Does Medicare Cover Knee Replacement Surgery?
Written by: Corey Whelan
Reviewed by: Ed McClane, Licensed Insurance Agent
A full knee replacement usually requires a short hospital stay.
If you have Original Medicare , your inpatient surgery will be covered by Part A.
If you’re on Original Medicare and have knee replacement as an outpatient, Part B will cover it.
Medicare Advantage covers knee replacement surgery plus the rehabilitative services you’ll need afterwards.
Original Medicare generally won’t cover the cost of pain medication and other drugs required after surgery.
Will Medicare Pay for a Total Knee Replacement?
Knee replacement surgery is a common procedure among men and women over age 65. If you’re on Medicare, you may be wondering if Medicare covers knee replacement and the extent of any coverage and out-of-pocket costs.
Medicare pays for knee replacement surgery. The out-of-pocket costs you incur will be determined by the type of plan you have:
Original Medicare (Part A and Part B)
Original Medicare covers knee replacement surgery. The Medicare criteria for total knee replacement is that your doctor deems it medically necessary, and that you have the surgery performed at a Medicare-approved facility.
Medicare total knee replacement is usually done on an inpatient basis. When it is done as an inpatient procedure, your surgery will be covered under Medicare Part A. Part A is the part of Medicare that covers inpatient healthcare.
If your doctor determines you should have knee replacement done as an outpatient, Medicare Part B will pay for it. Part B is the part of Medicare that covers outpatient healthcare.
Original Medicare will cover the cost of inpatient rehabilitation, should you need it post-surgery. This will be covered by Part A.
Physical therapy and follow-up visits with your surgeon will be covered under Part B.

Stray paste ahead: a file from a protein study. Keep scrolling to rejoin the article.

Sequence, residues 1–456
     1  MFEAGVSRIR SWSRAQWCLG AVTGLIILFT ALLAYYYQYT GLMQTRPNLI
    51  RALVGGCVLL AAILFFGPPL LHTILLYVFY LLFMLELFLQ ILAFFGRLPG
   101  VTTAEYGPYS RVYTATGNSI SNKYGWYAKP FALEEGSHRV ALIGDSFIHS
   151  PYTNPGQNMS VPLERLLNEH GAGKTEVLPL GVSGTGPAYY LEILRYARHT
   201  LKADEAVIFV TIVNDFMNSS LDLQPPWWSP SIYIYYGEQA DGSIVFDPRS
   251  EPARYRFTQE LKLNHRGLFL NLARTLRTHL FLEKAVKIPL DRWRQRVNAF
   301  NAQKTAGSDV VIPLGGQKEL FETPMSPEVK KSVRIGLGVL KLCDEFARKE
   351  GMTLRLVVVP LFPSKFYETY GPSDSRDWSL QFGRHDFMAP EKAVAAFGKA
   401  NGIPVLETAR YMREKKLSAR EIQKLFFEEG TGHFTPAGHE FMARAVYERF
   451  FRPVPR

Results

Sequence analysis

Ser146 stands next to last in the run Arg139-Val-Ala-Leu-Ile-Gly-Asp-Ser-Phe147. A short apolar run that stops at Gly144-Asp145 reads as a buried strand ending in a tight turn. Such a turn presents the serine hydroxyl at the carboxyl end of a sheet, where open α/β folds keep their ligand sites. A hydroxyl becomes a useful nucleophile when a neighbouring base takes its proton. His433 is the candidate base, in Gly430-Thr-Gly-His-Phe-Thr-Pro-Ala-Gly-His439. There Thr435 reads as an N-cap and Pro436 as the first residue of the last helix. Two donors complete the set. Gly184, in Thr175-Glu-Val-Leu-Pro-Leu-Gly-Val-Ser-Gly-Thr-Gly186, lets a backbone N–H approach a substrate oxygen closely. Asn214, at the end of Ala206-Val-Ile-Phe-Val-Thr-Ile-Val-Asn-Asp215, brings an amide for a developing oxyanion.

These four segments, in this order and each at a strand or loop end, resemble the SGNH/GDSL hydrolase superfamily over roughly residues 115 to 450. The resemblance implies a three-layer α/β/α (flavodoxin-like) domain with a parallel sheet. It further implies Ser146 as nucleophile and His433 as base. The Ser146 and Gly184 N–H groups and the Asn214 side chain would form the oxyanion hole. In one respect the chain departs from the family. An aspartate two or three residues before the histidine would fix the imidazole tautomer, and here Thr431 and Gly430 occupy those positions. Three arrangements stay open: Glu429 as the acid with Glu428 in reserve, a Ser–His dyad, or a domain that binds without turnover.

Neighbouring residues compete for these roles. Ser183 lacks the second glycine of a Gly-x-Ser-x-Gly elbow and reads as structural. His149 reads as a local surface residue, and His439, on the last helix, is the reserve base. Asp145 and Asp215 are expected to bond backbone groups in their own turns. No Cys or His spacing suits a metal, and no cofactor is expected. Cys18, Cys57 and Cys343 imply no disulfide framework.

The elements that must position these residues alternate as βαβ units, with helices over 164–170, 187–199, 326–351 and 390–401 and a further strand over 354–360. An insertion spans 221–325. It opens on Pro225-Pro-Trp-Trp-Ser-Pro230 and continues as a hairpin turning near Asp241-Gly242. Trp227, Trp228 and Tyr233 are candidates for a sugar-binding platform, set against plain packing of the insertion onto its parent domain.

If you need support such as a cane after surgery, Part B will cover that cost. Canes, crutches and walkers are all examples of covered durable medical equipment. To get Medicare coverage, you will need to buy or rent durable medical equipment that is prescribed for you from a Medicare-approved provider. Typically, the hospital where you have your knee replacement done will discharge you with the equipment you need.
If in addition to Original Medicare you have a Medicare Supplement Plan (Medigap), it will cover some of the out-of-pocket costs that Original Medicare doesn’t pay for a knee replacement. The letter plan you have will determine the type and extent of coverage you can expect.
Original Medicare doesn’t cover prescription drugs. If you have a standalone Part D (prescription drug) plan, it will cover your prescription medication needs, including pain medication that may be required after surgery.
Medicare Advantage (Part C)
If you have a Medicare Advantage plan instead of Original Medicare, it will cover the costs of a total knee replacement, although your out-of-pocket costs will be different than those incurred with Original Medicare.
Part C plans cover everything that Original Medicare does, including inpatient rehabilitation, physical therapy, doctors visits and durable medical equipment.
Most Part C plans include Part D (prescription drug) coverage. With Part C, the drugs you need post-surgery, such as prescription pain medication, will be covered if your plan includes drug coverage. Other drugs that might be prescribed for you include those to reduce infection and the risk of blood clots, including deep vein thrombosis.
You cannot purchase a Medigap plan if you have Part C.
What Medicare benefits are available for knee surgery?
A total knee replacement is also referred to as a total knee arthroplasty. If your doctor has recommended this procedure to you, you have probably been living with knee pain that disrupts your quality of life.
A total knee replacement is usually done on an inpatient basis. After surgery, you can expect to spend three to five days in the hospital.
Some people who have this surgery will get discharged directly from the hospital into an inpatient rehabilitation facility. This will be determined by your doctor. Other patients go home from the hospital and work with a physical therapist daily or several times a week. Either way, you can expect full recovery to take one to three months. During that time, you may continue to require the use of a cane or walker. You may also need the use of prescription pain medication for a period of time after surgery.